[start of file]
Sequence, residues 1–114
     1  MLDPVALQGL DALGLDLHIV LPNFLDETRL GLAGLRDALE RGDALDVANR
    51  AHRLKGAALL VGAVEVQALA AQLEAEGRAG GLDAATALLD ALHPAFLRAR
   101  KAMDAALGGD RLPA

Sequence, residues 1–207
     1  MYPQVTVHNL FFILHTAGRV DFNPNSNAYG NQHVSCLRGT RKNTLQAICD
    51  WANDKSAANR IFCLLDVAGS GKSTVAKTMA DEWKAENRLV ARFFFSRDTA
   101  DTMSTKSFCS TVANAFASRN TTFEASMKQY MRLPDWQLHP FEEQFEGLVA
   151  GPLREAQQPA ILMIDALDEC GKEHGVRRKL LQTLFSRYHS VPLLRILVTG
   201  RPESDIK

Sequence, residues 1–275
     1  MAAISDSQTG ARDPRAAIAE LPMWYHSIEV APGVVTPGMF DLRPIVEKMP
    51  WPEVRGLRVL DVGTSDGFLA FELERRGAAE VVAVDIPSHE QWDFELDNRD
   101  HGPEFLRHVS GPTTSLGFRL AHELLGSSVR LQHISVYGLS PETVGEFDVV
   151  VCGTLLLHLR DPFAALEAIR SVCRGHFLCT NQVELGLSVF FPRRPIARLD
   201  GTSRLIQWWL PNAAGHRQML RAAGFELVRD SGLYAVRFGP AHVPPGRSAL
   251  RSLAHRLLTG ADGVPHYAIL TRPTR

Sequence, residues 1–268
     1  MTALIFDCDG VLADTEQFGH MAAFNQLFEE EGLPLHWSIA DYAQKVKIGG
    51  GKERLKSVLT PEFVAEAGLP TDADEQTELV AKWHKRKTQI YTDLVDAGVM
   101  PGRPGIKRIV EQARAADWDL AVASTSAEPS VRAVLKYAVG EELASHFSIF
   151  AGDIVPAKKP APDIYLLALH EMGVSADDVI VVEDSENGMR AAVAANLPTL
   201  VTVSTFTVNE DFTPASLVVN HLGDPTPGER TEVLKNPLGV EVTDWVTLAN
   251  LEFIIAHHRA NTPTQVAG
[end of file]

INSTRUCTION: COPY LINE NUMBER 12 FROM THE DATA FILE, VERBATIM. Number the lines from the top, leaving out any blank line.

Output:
     1  MAAISDSQTG ARDPRAAIAE LPMWYHSIEV APGVVTPGMF DLRPIVEKMP